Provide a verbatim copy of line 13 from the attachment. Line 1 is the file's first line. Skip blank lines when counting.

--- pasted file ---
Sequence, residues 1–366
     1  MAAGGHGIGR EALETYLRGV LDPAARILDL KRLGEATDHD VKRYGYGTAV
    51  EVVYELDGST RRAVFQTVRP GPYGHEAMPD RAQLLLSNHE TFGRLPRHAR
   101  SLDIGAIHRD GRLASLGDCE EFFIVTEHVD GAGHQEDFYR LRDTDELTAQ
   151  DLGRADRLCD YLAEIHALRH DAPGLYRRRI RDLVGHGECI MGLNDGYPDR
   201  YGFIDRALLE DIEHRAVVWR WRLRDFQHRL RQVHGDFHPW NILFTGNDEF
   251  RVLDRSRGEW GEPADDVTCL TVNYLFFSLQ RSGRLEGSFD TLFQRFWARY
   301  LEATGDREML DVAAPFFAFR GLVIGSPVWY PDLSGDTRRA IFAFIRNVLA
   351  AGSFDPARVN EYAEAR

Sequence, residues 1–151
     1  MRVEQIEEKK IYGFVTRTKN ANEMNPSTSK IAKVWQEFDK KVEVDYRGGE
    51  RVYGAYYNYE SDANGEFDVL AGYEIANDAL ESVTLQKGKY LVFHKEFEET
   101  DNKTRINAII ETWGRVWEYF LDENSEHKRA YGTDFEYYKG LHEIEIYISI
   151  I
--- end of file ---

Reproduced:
   101  DNKTRINAII ETWGRVWEYF LDENSEHKRA YGTDFEYYKG LHEIEIYISI